That is certainly true in the case of Ukrainian in Ukraine, where a battle for viability and dignitas has lasted for centuries and will continue to affect the direction of Ukraine politically, socially, and culturally for the foreseeable future.
Graziosi: The comparisons discussed in, or suggested by, the essays allow the reader to pointedly ask, and partially answer, a crucial question: What makes a language perspektivnyi or besperspektivnyi, to use the very pregnant Russian terms—that is, capable of surviving and flourishing, or doomed to stagnate?
By using the materials presented here in one volume, one could draw up a list of usable levers, differentiating the indirect from the direct, and thus trying to assess the respective “virtues” of soft power versus hard power. This is shown in particularly stark contrast by the Ukrainian experience from the 1920s through the 1970s, when the language development was first directly favored and then brutally repressed, to be followed after WWII by years in which a “softer” version of repression was implemented.
Considering the case studies of other languages included in the volume, how unique is Ukraine’s story?
Flier: The Ukrainian story is unusual but not unique in its juxtaposition of two languages vying for authority that are very closely related from a genetic point of view. Ukrainian and Russian are both East Slavic languages with a considerable overlap in grammatical structure and vocabulary. An analogous case can be made for the two southwestern Romance languages, Spanish and Catalan.
This fact of specific points of proximity stands in sharp contrast to contact languages from completely different families: English (Germanic) vs. French (Romance), Finnish (Finnic) vs. Russian (Slavic), Gaelic (Celtic) vs. English (Germanic), English (Germanic) vs. Hindi (Indo-Aryan), Ukrainian (Slavic) vs. Hungarian (Ugric), Yiddish (Germanic) vs. Hebrew (Semitic). And there are interesting comparisons and contrasts to make between language contacts somewhere between, such as Ukrainian (East Slavic) and Polish or Slovak (West Slavic), or Belarusian (East Slavic) and Lithuanian (Baltic).
Graziosi: All histories are unique, and all may be fruitfully compared and thus “illuminated” if we choose the right comparative angles.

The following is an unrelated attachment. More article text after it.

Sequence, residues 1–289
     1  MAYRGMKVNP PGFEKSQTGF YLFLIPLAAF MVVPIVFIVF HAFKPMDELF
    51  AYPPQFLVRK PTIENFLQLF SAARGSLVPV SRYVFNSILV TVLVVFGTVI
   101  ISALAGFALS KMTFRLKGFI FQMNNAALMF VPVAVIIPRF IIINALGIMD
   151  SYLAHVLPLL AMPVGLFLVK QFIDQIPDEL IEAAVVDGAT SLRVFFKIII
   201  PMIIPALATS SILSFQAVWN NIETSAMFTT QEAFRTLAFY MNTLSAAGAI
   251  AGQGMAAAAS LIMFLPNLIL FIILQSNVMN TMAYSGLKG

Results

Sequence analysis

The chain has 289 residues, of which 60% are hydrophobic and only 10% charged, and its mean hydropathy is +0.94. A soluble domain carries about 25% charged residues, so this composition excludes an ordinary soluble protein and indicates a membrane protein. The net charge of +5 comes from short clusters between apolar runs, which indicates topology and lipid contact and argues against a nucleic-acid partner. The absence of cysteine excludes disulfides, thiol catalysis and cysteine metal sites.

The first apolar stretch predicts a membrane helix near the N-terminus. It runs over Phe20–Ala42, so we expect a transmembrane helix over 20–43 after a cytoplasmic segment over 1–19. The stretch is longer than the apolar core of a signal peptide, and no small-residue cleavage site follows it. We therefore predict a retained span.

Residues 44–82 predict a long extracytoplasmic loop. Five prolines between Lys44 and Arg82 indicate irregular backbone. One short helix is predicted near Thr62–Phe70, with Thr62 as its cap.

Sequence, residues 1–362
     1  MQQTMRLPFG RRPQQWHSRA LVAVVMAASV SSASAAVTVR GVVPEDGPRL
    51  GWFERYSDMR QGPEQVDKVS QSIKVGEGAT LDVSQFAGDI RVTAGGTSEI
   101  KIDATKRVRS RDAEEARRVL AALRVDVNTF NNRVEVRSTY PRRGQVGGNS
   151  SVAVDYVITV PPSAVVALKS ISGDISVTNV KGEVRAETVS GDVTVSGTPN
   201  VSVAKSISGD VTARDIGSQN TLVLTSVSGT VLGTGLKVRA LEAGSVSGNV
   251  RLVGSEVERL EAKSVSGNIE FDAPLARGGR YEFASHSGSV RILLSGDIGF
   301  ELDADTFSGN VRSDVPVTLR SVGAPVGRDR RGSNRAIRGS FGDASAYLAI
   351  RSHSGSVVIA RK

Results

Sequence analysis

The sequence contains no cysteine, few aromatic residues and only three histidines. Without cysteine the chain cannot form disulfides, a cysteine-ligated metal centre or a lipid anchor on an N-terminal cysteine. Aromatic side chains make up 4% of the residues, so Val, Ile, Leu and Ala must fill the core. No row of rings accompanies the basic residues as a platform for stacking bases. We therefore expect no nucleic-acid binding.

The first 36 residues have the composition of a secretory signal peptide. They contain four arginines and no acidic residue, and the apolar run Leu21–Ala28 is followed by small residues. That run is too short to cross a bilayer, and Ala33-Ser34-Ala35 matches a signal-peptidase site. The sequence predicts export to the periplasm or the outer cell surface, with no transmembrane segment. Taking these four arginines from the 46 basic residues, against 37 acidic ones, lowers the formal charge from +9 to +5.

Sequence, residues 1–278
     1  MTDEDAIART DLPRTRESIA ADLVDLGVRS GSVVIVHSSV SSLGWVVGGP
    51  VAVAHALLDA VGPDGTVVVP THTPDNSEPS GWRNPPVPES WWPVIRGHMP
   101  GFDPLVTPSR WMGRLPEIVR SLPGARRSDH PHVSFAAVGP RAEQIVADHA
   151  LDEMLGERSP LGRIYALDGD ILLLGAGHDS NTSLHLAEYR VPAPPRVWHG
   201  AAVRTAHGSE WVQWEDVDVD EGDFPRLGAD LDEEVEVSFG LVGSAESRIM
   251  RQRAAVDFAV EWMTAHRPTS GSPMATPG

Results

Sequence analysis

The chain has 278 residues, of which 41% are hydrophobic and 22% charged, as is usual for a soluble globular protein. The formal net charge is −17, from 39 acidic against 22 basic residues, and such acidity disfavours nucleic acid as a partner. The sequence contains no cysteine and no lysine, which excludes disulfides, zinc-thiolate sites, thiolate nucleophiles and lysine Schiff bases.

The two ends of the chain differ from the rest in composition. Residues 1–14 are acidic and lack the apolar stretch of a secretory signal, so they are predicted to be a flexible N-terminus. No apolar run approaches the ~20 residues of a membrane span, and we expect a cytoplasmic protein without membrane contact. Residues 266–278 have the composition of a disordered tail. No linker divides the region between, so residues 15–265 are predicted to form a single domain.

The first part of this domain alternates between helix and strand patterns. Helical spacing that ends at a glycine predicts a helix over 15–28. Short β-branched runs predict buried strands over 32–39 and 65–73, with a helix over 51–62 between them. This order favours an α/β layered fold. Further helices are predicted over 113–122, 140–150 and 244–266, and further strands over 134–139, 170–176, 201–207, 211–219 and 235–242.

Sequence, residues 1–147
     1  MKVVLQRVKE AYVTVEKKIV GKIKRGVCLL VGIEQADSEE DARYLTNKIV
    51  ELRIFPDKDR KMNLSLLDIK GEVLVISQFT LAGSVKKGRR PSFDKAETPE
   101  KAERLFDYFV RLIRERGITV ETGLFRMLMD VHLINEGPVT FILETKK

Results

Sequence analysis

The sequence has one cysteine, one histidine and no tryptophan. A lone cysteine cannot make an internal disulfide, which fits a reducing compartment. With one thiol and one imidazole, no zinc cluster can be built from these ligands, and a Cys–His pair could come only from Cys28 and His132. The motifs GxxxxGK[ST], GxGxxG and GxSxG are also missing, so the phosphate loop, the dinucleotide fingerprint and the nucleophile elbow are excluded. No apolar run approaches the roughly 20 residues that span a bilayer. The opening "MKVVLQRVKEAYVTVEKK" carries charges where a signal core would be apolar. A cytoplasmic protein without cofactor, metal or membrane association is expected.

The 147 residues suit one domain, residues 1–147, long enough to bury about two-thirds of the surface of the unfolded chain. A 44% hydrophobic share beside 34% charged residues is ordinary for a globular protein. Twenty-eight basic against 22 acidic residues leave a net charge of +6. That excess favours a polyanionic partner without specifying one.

Yet the history of Ukrainian presents us with a rather extreme case of conscious “building” and then “un-building” of a language, followed by the use of systematic soft power in order to keep this language in a secondary, “stunted” status, from which it reemerged thanks to an extraordinary resilience.
Ukrainian also provides a most interesting case of what has been a common story of empire disintegration/re-formation and state building the world over, a narrative in which languages have been “planned,” promoted, standardized, and repressed, or have learned to co-exist in multilingual communities.
What impact will this study have on our understanding of nationhood in Ukraine (and beyond)?
Graziosi: As the experiences of Ireland, Kazakhstan, and Ukraine confirm, language is not the only (and at sometimes not even the most important) “flag” of national identity and independence. And one may easily conceive of policies inspired by a political, inclusive concept of national belonging in which linguistic freedom and diversity may coincide with strong—and even ethnically but not linguistically based—identity feelings, as recent events in eastern and southern Ukraine seem to indicate.
What do you think are the next pressing questions for Ukrainian language and linguistics?
Flier: Will Ukrainian be able to make gains in its functional status as the official language of Ukraine through a combined effort of organic growth among younger speakers and governmental prescription for its wider use in the media, in book and newspaper publication, and in education?
Is there anything else we should know?
Flier: The Battle for Ukrainian will be of interest to historians, linguists, political scientists, and literary scholars concerned with the development and functionality of multiple languages within a single state or empire in general, and in the territory of Ukraine in particular. Students of Ukrainian-Russian relations will find striking similarities and differences in the comparison of other linguistic confrontations within a confined political or social space.
The conference on which this book is based provided the opportunity to invite scholars whose work offers the most current perspectives on specific periods of the development of the Ukrainian language. The book would be particularly useful for students concerned with the historical development of Ukrainian.
Graziosi: The book stresses the importance of, and the opportunities offered by, evading the constricted bilingual confrontational stance.
The Soviet, Yugoslav, and Indian (in its Hindi-based narration) experiences are all cases in which the actual or would-be dominant language pressed for a bilingual model—Russian, Serbo-Croatian or Hindi vis-à-vis this or that “minor” language—relegating the latter to an inferior position, and feeding arrogance on the one hand, and resentment or impotence on the other. A more liberal, “trilingual plus” solution would offer an opportunity to open a much freer space.
Obviously, it is not a “natural” solution, but one in need of human agency to affirm itself. Yet, the coming of age of English as the new international vehicular language makes such a solution available in a plurality of contexts today, creating the possibility of breaking out of the oppressive bilingual scheme, easing the tensions between the old contenders, and promoting the partial dislodging of the previously dominant language. How these alternatives might fare in the battle for Ukrainian remains to be seen.